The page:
When the Alaska Department of Fish and Game last took a count in July 2002, the Central Arctic caribou herd was thriving. The results of an aerial photo census pegged the herd population at 31,857 animals, up from 27,128 animals in 2000, an increase of 4,729 animals or 17 percent.
The caribou count was made from aerial photographs taken in July, at the height of the Arctic summer, on the Arctic Ocean coast where the animals bunch in groups of several thousand each for relief from pestering insects, according to Beth Lenart, an ADF&G biologist.
In summer, the Central Arctic herd migrates north from the south side of the Brooks Range, where it winters, to the Arctic Ocean. When the herd gathers on the Arctic coast, the department rushes a belly camera-equipped single-engine DeHavilland Beaver airplane to the scene to nab a series of photos for later analysis. As temperatures cool and the wind picks up, the animals drift inland from the coast and fan out. The range of the herd is bounded on the west by the Colville River and on the east by the Canning River.
Most of the current oil activity on the North Slope, including the Prudhoe Bay and Kuparuk oil fields, is within the range of the herd. The trans-Alaska oil pipeline and the Dalton Highway snake southward from Prudhoe Bay through the center of the herd’s range.
Lenart said a healthy pregnancy rate and high calf survival contributed to the herd’s success. The greatest hazards the animals face on the North Slope are the bugs and an occasional bear, she said. The animals also face predation by wolves on their annual trek into the mountains of the Brooks Range for the winter.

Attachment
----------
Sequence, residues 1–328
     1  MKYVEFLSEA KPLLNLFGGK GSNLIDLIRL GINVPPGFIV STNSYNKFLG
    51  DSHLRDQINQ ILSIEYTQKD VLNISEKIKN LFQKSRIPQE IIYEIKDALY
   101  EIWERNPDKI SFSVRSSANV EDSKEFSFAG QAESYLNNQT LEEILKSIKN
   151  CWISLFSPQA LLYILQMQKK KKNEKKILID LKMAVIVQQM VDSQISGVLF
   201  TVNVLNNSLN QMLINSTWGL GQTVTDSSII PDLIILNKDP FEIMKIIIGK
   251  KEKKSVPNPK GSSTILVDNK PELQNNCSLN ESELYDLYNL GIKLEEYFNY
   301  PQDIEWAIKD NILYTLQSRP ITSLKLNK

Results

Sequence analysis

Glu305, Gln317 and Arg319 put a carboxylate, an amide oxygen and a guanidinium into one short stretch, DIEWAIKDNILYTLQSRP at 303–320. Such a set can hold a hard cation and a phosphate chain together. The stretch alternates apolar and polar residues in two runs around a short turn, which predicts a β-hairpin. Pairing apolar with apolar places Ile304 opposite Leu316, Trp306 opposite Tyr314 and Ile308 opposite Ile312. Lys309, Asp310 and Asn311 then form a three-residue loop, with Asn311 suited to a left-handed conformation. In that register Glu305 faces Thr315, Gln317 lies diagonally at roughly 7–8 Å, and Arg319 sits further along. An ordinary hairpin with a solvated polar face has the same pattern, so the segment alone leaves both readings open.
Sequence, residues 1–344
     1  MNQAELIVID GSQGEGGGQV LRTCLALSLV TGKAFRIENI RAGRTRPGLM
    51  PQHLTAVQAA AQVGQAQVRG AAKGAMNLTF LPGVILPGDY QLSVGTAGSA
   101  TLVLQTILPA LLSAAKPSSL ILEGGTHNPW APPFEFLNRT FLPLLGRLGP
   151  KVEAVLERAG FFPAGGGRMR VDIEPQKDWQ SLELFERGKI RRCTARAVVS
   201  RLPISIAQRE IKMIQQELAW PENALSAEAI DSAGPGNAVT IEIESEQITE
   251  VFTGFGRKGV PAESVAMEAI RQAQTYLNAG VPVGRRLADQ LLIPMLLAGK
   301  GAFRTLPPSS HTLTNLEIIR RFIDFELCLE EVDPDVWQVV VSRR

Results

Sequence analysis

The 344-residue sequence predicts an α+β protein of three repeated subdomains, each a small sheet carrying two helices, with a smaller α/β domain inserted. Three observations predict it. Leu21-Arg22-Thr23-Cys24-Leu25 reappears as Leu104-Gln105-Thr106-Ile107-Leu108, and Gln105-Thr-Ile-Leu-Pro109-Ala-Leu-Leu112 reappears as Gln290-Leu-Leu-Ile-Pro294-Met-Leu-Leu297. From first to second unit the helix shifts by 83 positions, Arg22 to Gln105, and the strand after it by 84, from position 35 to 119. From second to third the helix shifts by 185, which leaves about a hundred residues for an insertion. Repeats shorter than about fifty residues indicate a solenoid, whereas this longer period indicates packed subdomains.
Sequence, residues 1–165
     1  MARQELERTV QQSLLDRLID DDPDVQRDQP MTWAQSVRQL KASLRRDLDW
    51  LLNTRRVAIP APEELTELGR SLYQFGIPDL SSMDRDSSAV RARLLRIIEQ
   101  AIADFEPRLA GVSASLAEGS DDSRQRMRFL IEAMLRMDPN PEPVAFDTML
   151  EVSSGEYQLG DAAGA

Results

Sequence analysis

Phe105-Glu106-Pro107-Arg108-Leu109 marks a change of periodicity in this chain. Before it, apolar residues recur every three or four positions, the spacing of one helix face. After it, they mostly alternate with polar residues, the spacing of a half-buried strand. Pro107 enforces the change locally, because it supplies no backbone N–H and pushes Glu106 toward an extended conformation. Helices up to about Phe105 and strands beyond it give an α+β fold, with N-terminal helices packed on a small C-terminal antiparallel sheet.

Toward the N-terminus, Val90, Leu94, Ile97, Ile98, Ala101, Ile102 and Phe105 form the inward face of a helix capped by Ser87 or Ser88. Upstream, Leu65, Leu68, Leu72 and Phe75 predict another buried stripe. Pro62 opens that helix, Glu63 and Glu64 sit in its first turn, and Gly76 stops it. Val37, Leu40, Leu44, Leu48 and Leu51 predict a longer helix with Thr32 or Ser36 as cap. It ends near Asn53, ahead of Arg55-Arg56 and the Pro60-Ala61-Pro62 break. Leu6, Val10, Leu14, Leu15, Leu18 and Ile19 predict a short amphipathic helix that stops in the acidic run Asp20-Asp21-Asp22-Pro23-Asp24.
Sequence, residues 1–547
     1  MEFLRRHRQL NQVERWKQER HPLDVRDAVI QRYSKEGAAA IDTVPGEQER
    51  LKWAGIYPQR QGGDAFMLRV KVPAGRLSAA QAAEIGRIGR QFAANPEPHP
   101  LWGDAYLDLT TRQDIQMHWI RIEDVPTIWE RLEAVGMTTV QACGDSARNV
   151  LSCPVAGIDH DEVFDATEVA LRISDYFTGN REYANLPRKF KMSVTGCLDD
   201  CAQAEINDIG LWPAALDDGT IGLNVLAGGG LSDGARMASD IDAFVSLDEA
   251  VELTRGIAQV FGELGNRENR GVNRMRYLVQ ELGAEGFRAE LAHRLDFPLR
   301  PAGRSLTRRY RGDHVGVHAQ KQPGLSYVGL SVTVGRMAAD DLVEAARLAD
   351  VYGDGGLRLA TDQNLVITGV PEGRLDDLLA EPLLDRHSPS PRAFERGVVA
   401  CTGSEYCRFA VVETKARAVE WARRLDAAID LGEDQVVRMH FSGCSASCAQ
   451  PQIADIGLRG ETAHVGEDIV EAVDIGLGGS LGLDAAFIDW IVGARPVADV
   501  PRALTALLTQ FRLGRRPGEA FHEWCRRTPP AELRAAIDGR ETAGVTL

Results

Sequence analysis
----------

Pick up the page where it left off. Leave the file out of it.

Some winters, the herd can be found on the west side of the Dalton Highway, Lenart said. ADF&G tracks the herd via radio transmitters on some of the animals.
537 percent increase over 28 years
The Central Arctic herd has grown from 5,000 animals in 1974, the early days of oil development on the North Slope, to almost 32,000 today — an increase of 26,857 animals or 537 percent over 28 years. Biologists don’t know why the herd has grown so large.
Over the 28-year period of study, the herd size grew steadily with the exception of the 1995 count, when it dropped from about 24,000 animals to 18,000 animals in a three-year span.
When asked whether Alaska’s caribou herd numbers are part of a natural fluctuating cycle, Pat Valkenberg, an ADF&G research coordinator, said in 2000 that it is one of the issues that caribou biologists periodically debate.
“In Alaska, in North America, some of the herds do appear to go up and down — some on a 20-year cycle. … Other herds fluctuate fairly erratically. Other herds, such as the Porcupine, have been remarkably stable,” Valkenberg said. Biologists venture that the reasons are partly weather related. Predator cycles might also contribute to fluctuations.
Four herds share North Slope
The Central Arctic herd shares the North Slope with three other herds, the Teshekpuk herd, the Western Arctic herd and the Porcupine herd, which wanders back and forth from the Arctic National Wildlife Refuge into Canada.
The Western Arctic and Porcupine herds have larger ranges than the Central Arctic herd, to the west and east, respectively.
The Teshekpuk herd, located northwest of Kuparuk and encompassing the city of Barrow, wanders a range of about the same size as the Central Arctic herd. The ranges of each of the three other herds overlap the edges of the Central Arctic herd’s range. In recent years, the Central Arctic herd has occasionally crossed the Canning River into the Arctic National Wildlife Refuge, Lenart said.